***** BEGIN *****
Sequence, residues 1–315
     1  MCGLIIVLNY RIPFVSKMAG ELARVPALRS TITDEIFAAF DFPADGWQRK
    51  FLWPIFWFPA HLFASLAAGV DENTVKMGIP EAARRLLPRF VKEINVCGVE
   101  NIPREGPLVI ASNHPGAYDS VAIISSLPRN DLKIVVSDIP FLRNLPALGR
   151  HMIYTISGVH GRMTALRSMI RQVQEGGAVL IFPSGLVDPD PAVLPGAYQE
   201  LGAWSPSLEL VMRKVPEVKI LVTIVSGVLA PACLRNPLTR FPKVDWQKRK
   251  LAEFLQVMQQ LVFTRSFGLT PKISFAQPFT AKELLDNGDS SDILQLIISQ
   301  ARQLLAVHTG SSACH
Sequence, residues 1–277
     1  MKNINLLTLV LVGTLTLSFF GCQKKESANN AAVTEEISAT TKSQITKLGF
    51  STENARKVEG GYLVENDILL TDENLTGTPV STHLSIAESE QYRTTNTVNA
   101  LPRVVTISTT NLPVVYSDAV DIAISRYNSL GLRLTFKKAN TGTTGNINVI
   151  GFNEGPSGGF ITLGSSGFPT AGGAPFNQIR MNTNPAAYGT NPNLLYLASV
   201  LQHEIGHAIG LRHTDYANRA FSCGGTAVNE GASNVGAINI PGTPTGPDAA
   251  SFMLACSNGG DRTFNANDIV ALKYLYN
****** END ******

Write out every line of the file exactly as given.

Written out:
Sequence, residues 1–315
     1  MCGLIIVLNY RIPFVSKMAG ELARVPALRS TITDEIFAAF DFPADGWQRK
    51  FLWPIFWFPA HLFASLAAGV DENTVKMGIP EAARRLLPRF VKEINVCGVE
   101  NIPREGPLVI ASNHPGAYDS VAIISSLPRN DLKIVVSDIP FLRNLPALGR
   151  HMIYTISGVH GRMTALRSMI RQVQEGGAVL IFPSGLVDPD PAVLPGAYQE
   201  LGAWSPSLEL VMRKVPEVKI LVTIVSGVLA PACLRNPLTR FPKVDWQKRK
   251  LAEFLQVMQQ LVFTRSFGLT PKISFAQPFT AKELLDNGDS SDILQLIISQ
   301  ARQLLAVHTG SSACH
Sequence, residues 1–277
     1  MKNINLLTLV LVGTLTLSFF GCQKKESANN AAVTEEISAT TKSQITKLGF
    51  STENARKVEG GYLVENDILL TDENLTGTPV STHLSIAESE QYRTTNTVNA
   101  LPRVVTISTT NLPVVYSDAV DIAISRYNSL GLRLTFKKAN TGTTGNINVI
   151  GFNEGPSGGF ITLGSSGFPT AGGAPFNQIR MNTNPAAYGT NPNLLYLASV
   201  LQHEIGHAIG LRHTDYANRA FSCGGTAVNE GASNVGAINI PGTPTGPDAA
   251  SFMLACSNGG DRTFNANDIV ALKYLYN